On a rainy Monday afternoon outside Neeli mosque in Rochdale, the crowd heading to daily prayers is smaller than usual, and has been for the past few days. “The older generation have been too scared to come recently,” says Mohammad Khalid, a worshipper leaving the mosque. “I’m 50 and I’ve lived in Rochdale my whole life. I’ve seen it go from a white area to now being mixed with a large community of Muslims, and the racism hasn’t gone away.”
After the terror attack on Friday in Christchurch in New Zealand, where 50 people were killed while praying in two mosques, a number of hate crimes have been reported in the UK. On Saturday, a 24-year-old man from nearby Oldham was arrested for allegedly posting hate speech on social media and has since been bailed pending further inquiries. In Stanwell, Surrey, a 19-year-old man was stabbed in a suspected far-right terror attack, while in Rochdale on Sunday, a 38-year-old woman was arrested for online comments made about the shootings, and two people were charged for allegedly racially abusing a taxi driver while referencing Christchurch.
“I’m always worried about how what I say might get misinterpreted,” says Shakil Hussain, a Rochdale taxi driver. “I never talk politics because a lot of people keep their racist thoughts bottled up and you don’t know when they might snap. So I wasn’t surprised to hear about this abuse to another taxi driver on Sunday.”
Hussain says that he was also racially abused in Rochdale only the day before his colleague. “I was parked by the clubs in town on Saturday night and this well-dressed looking white guy comes along and shouts: ‘Where are all the white taxi drivers?’” he says, “and then he spat on my car and called me a Paki. I was worried he was going to try and get in. A bouncer outside told me he would report it to the police, but the man disappeared and I’ve heard nothing since.”
The leader of the local Bilal mosque, Imam Hassanat Ahmed, believes it is the media and political narratives that spur on such incidents. “There are pockets of these issues in Rochdale, especially because we’re such a diverse community, but this is whipped into a frenzy by the media,” he says. “The national narrative doesn’t build good relationships between the communities, but on a local level there is a positive – we are coming together and grieving as a whole.”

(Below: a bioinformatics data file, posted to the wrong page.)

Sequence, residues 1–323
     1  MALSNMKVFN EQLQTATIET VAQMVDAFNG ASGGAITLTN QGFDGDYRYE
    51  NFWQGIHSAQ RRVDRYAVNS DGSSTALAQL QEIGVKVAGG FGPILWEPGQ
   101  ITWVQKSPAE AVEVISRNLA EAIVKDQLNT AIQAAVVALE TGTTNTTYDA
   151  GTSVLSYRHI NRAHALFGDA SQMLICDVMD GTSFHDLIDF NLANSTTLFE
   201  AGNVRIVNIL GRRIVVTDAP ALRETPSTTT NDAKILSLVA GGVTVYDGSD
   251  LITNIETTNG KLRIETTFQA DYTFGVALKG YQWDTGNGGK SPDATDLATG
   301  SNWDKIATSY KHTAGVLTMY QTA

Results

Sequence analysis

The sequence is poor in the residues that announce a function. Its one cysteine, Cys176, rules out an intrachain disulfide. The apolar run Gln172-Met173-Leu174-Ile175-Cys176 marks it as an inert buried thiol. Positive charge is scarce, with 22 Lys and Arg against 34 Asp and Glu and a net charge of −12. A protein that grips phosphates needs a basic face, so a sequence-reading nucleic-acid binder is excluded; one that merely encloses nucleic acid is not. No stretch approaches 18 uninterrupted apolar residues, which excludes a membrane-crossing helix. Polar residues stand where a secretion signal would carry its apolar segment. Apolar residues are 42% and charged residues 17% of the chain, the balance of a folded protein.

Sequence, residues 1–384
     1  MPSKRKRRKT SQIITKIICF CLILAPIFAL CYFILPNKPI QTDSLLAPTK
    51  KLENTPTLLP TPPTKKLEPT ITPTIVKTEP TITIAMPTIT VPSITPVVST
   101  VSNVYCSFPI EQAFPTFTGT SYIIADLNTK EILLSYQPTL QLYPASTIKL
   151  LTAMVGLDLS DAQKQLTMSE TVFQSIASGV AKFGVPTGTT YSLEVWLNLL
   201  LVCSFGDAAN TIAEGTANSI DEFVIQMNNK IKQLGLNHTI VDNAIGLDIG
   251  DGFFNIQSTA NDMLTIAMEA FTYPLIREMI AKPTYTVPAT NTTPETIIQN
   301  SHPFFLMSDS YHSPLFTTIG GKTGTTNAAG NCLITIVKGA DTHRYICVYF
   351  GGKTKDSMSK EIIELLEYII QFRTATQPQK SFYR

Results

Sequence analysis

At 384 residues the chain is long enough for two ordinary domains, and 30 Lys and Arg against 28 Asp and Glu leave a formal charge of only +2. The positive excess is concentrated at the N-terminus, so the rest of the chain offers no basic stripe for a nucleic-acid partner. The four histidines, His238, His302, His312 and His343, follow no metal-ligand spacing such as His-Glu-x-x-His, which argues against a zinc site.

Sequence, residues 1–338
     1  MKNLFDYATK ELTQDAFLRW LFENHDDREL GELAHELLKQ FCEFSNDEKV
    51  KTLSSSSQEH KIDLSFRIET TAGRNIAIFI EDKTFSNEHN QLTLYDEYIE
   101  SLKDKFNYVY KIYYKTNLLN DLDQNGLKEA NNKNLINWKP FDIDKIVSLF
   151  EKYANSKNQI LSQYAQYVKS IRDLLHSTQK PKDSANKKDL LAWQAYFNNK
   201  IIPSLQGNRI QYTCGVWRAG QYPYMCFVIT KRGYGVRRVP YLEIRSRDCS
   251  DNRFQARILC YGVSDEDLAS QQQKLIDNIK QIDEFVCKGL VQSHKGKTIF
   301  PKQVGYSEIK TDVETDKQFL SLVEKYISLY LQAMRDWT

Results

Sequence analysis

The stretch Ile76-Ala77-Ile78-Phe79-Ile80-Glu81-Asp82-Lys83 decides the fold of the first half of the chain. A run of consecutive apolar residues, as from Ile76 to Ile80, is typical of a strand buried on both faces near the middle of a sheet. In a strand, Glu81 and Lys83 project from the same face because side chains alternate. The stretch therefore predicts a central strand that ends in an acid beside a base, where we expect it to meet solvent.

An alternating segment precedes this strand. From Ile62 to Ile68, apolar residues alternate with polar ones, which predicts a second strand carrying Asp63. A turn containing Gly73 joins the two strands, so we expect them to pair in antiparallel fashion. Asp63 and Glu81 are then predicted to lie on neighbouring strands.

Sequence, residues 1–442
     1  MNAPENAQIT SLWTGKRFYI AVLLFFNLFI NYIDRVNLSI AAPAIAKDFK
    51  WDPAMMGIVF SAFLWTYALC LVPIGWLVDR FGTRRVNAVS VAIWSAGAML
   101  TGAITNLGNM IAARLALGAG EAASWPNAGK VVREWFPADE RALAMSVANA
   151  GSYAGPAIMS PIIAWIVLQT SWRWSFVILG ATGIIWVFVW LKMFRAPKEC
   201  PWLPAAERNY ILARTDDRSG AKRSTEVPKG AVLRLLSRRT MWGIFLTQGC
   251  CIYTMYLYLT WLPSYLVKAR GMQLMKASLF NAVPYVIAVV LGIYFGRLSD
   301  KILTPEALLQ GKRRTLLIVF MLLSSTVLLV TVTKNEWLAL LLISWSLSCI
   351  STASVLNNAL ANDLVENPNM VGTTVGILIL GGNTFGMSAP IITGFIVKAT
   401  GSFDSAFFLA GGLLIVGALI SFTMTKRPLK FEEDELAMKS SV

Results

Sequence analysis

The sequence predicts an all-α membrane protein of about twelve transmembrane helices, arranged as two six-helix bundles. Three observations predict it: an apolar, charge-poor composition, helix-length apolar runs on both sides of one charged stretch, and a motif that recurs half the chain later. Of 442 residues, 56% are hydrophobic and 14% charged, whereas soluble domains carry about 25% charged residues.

The local response included a vigil outside Rochdale town hall on Sunday to mourn the Christchurch victims. Ahmed was an organiser. “The turnout was wonderful: leaders of all faiths and people of all races came together to show solidarity,” he says.
Saiqa Naz, who also attended the vigil, says the atmosphere was uplifting. “Many members of the community are scared – Muslim or otherwise,” she says, “but these events really help; they show Rochdale as a cohesive community.”
Rochdale is home to an unusually high concentration of asylum seekers – one for every 200 people – and coupled with the fact that almost a quarter of the town’s population are of Asian descent, it has made the area a target for far-right demonstrations in recent years. “We get fed up with the bad press,” says the Rev Mark Coleman, the vicar of St Chad’s and St Mary’s in the Baum church. “We need to draw people into conversation with each other more, to take apart misconceptions, because we can’t fight hate but we can spread love.”
In Rochdale high street, a throng of people are buying their lunches and peering into shop windows. “I’ve never noticed any problems with integration here – what happened in Christchurch was horrific, but we all get along in Rochdale,” says Amanda Chay. Another shopper, Claire Lord, disagrees. “It’s all segregated groups here. The Muslims stick with the Muslims and the whites with the whites. We need to mix more, otherwise these kinds of racist incidents will keep happening.”
With opinion clearly divided, a sense of tension prevails for the Muslim community of Rochdale. “There’s a real ignorance here about people who aren’t white,” says another shopper, Tahira Javeen, on overhearing Lord’s comments. “Just because I wear a hijab and I’m brown, people think I can’t speak English. While that’s frustrating, it also shows you that I’ll always be seen as a foreigner, as someone different, and that’s scary.”
For Hussain, life must continue as normal. “In my local mosque, the imam just said to keep going about our daily business,” he says. “I can’t afford to stop working just because of a couple of attacks.”
And for Khalid, the recent news is a worrying sign of progress stalling. “There needs to be work done on both sides” he says. “Otherwise people will keep writing and saying hateful things and, God forbid, committing these acts of violence.”
Rochdale council declined to comment on the alleged racial abuse of the taxi driver, but issued a statement in response to the Christchurch attack, saying: “These were appalling and sickening acts of unfathomable malice carried out by a coward who targeted innocent people in the most appalling way imaginable”.